There are a number of reference marks in the history of medial informatics for the ongoing clinical subspecialty effort, but Detmer, now a senior adviser to the AMIA, wrote in the article that a launching point was the goal set by then-President George W. Bush in 2004 that most Americans would have access to an electronic health record in a decade.
Detmer observed that the informatics community quickly recognized “that the U.S. healthcare system was sorely lacking the informatics savvy workforce sufficient in number and knowledge to accomplish this goal.”
The article said these growing workforce demands “dictated that it was time for clinical informatics to evolve from an avocational or part-time activity of self-identified informaticians to a fully professional career track with training, standards, codes of ethics and certification.”
Work by AMIA toward a board certification program in clinical informatics can be traced back to a town hall discussion at the AMIA annual meeting in 2005, when a group conclusion was reached that social benefits could be derived from formal training and certification, according to history of the effort in an earlier article by Detmer that appeared in the AMIA journal.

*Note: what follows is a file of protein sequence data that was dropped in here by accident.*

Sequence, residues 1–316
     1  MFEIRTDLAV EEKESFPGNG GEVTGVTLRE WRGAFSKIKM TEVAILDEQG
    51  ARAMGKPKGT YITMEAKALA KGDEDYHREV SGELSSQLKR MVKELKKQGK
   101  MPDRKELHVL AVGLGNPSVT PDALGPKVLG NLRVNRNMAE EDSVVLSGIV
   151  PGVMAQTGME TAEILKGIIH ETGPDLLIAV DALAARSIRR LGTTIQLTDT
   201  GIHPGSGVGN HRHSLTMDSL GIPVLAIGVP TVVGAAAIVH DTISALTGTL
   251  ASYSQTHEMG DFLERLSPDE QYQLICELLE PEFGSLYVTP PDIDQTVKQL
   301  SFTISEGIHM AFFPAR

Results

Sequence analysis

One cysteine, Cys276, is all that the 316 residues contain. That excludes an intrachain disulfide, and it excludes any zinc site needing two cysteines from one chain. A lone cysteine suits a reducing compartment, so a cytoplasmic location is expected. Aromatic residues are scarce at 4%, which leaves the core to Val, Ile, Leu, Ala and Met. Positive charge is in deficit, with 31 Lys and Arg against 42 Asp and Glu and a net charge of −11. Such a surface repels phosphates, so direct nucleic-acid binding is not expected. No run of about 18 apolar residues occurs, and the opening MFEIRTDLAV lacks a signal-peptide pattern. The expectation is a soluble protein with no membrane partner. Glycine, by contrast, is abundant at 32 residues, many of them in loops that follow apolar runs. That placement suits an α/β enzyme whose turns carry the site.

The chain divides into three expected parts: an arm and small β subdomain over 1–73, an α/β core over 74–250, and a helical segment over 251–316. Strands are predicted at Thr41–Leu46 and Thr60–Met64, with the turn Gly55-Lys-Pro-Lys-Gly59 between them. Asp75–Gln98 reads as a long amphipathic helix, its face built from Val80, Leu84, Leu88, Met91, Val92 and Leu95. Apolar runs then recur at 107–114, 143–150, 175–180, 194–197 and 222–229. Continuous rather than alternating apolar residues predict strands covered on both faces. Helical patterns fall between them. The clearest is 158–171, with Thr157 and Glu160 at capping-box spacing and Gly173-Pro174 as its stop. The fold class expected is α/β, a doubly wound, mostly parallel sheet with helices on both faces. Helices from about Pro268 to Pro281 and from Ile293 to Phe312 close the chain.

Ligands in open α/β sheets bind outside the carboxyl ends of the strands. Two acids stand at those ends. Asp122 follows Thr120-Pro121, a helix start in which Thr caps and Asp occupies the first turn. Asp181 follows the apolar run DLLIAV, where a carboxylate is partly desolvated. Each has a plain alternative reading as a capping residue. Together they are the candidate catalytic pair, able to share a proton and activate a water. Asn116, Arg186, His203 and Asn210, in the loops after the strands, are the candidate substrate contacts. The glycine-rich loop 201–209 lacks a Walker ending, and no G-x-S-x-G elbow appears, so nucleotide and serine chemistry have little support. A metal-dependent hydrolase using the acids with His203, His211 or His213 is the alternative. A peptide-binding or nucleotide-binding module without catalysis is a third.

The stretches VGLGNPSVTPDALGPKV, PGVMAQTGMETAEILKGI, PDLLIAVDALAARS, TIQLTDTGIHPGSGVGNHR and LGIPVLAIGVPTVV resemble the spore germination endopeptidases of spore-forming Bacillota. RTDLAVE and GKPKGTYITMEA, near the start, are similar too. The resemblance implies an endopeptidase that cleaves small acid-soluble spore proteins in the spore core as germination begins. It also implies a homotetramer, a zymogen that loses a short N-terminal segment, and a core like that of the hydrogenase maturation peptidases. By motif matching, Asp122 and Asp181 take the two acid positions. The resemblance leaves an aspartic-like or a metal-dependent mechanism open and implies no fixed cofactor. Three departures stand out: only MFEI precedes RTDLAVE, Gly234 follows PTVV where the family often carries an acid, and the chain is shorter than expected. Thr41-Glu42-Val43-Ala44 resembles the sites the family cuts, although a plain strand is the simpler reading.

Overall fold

The AMIA board began hunting for funding for the program and in 2007 obtained a grant from the Robert Wood Johnson Foundation to develop guidelines on core content and training program requirements, which were subsequently drafted and approved by the AMIA board in late 2008.
William Hersh is a physician, professor and chairman of the Department of Medical Informatics and Clinical Epidemiology in the School of Medicine at Oregon Health & Science University, which has a certificate program in clinical informatics with about 200 enrollees and a full master's degree program in clinical informatics with typically 30 to 40 enrollees.
While a formal degree in medical informatics is “still not an absolute requirement” for placement in positions in clinical informatics—Hersh volunteers he does not have one—and experience remains the most common passport in the informatics field, “there is no question that interest is increasing, that more and more hospitals are interested in hiring people like this.”
Hersh said medical college informatics programs should have little difficulty in adapting to the formal educational requirements of the new clinical informatics subspecialties.
In his keynote speech last week to the Healthcare Information and Management Systems Society convention in Atlanta, David Blumenthal, head of the Office of the National Coordinator for Health IT at HHS, talked about federal funds under the American Recovery and Reinvestment Act of 2009, also known as the stimulus law, going toward health IT workforce development. Much of the money will be used to train 40,000 or more health IT workers through community college certificate programs, “but we are also training at a higher level as well.”
That includes $32 million in grants “to establish university-based certificate and advanced degree health IT training programs and $6 million dollars to develop a health IT competency examination program.”